30 Quai des Charbonnages
Koolmijnenkaai, 1080 Brussels
Art Center for Digital Cultures & Technology

Cinema Parenthèse #31

.2021 19:00-21:00



"The speed of fade and the time length of the black
reminds us that movies aren’t moving pictures only:
structurally, they’re time-based graphics (like a black
screen), some of which aren’t pictures at all."
-Ray Durgnat (A Long Hard Look at Psycho, BFI, 2003)

STAN BRAKHAGE (1933-2003) is most well-known for the development, from the late 1950s onwards, of a cinema (he made over 450 films) in which the camera replaces the protagonist, freeing it from conventional positions and hence engagement with both subject and the viewer. His work is characterized by images where variations in exposure and focus, handheld camera movement, light flares, refractions and flashes are in a constant state of flux and interplay.

This program, however, focuses on some of his less well known and more unusual works, most notably "Passage Through: A Ritual" (1990), a 50-minute response to a soundtrack sent to him by the composer Philip Corner. Among other things, it is one of only a small handful that have soundtracks - Brakhage maintained that sound films divide the attention of the viewer. "Passage Through: A Ritual" finds a novel and extreme solution to this problem and becomes a perfect vehicle for attending to the soundtrack.
"The Roman Numeral Series" are among some of Brakhage’s most ineffable and abstract works. Mostly in high-key, brilliant color, single frames and short bursts of black are deployed to generate a variety of functions and effects. Sometimes a black frame is simply an all but invisible way to disguise a cut-an-eye-blink but at others a black frame is placed next to an over-exposed flash-frame, serving to emphasise the disruptive flash by a process of contrast. Black frames also punctuate the longer shots, and dynamise the relationship between longer and shorter ones. Because the longer shots are often very similar to each other, the black frame serves to indicate the end of one shot and the start of the next by a clear and emphatic pause. The black frames also generate rhythm, or in some cases augment an existing one. They have a mildly disruptive effect, without creating pauses, as longer sections of black would. This disruptive effect can also be seen as an anti-montage device: once shots are separated, even if only by a blink of black, montage is frustrated, the clash of the cut which generates Dziga Vertov’s essential interval, is disabled.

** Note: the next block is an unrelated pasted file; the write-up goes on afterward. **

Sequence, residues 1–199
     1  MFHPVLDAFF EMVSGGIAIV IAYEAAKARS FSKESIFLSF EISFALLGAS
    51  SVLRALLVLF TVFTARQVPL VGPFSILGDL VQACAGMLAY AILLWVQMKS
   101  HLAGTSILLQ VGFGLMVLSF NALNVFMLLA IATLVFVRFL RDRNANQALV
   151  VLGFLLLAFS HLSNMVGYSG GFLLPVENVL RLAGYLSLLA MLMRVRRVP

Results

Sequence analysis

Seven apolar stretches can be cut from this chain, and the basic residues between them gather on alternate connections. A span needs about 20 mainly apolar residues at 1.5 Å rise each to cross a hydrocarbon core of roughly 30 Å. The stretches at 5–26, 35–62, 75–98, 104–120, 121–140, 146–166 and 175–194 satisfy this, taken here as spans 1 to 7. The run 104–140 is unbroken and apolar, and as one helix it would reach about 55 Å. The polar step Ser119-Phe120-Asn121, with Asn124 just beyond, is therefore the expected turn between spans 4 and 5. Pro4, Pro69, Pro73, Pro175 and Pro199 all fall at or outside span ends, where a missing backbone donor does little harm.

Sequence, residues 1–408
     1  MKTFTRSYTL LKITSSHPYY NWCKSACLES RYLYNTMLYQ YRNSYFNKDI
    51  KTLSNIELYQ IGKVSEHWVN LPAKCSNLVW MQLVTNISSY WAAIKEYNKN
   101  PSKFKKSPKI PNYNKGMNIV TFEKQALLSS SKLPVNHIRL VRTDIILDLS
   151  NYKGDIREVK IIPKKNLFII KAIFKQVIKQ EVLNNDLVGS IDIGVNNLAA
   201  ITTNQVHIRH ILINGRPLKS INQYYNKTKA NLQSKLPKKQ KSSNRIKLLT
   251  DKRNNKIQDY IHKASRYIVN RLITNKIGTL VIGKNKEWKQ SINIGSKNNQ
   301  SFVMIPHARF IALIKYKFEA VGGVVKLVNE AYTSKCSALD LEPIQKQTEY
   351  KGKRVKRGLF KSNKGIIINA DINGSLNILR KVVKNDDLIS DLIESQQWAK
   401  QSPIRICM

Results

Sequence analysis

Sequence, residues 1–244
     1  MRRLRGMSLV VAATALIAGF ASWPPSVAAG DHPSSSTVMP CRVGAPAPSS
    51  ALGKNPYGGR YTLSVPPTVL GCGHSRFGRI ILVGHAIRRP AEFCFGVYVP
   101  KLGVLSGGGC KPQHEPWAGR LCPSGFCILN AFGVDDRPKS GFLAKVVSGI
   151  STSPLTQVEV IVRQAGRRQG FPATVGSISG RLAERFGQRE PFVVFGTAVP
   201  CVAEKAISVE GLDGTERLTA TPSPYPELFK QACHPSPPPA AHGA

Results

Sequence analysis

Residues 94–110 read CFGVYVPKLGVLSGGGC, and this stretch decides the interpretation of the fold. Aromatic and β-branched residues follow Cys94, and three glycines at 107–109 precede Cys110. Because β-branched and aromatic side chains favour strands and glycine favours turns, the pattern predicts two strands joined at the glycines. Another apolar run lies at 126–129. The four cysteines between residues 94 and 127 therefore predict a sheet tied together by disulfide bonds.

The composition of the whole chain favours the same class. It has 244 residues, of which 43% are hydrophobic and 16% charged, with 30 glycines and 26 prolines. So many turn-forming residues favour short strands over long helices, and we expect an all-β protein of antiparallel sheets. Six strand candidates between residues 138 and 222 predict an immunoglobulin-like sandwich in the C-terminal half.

-Nicky Hamlyn
(Hamlyn is the author of the essay "Brakhage’s Blacks", published in the book "Stan Brakhage the Realm Buster", John Libbey press, 2018)


Nicky Hamlyn (Cinema Parenthèse)

    1992 | 16mm | color | sound | 6'00
    1980 | 16mm | color | silent | 3'30
    1990 | 16mm | color | sound | 50'00
    1980 | 16mm | color | silent | 10'30

Approximate film time 70'00

Cinema Parenthèse

Cinema Parenthèse is a platform in Brussels, Belgium that invites alternative filmmakers and screens films in their original format. The screenings are based on a dialectical montage, the collision between single films and different film programmes, an ongoing series about investigating different film strategies in political and aesthetic manners.

Cinema Parenthèse is interested in filmmakers and individual films that want to go beyond - based on different practices - ethnographic and anthropological studies, field and archival work. Films that can be understood as an experimentation with the discovery and unveiling of places and people, acting as a melting pot for various social, political and cultural specificities and cross-cultural experiences. Camera positioning, architecture of the image, the pro-filmic (everything in front of and registered by the camera), the non-diegetic, the soundtrack, politico-cultural diversity and the challenges in representation are central concerns in the films we shall screen. Films which refers to a rethinking of both aesthetics and cultural representation, and show its ability to see film as cultural representation – as opposed to seeing through film. The resistance to the salvage paradigm lies not in abandoning its allegorical structure but by opening the mind’s eye to different histories, and seeks ways of revising the production of otherness in the representation. To deal with history and to overcome the binary oppositions in us and them and self and the others is also of vital interest within our project.

Cinema Parenthèse is also interested in film as structure or structure as film. Films that use different methods (optical printing, refilming, color separation, loops, superimposition) to manipulate and transform short film sequences or single frames in a structural and time-based manner. Cinema Parenthèse focuses on structural materiality, film as film and film as materiality. Films that - with different methods - bring out how deconstruction of the original material results in unexpected constellations and visual rebuilding for a 'new' film structure.

With the support of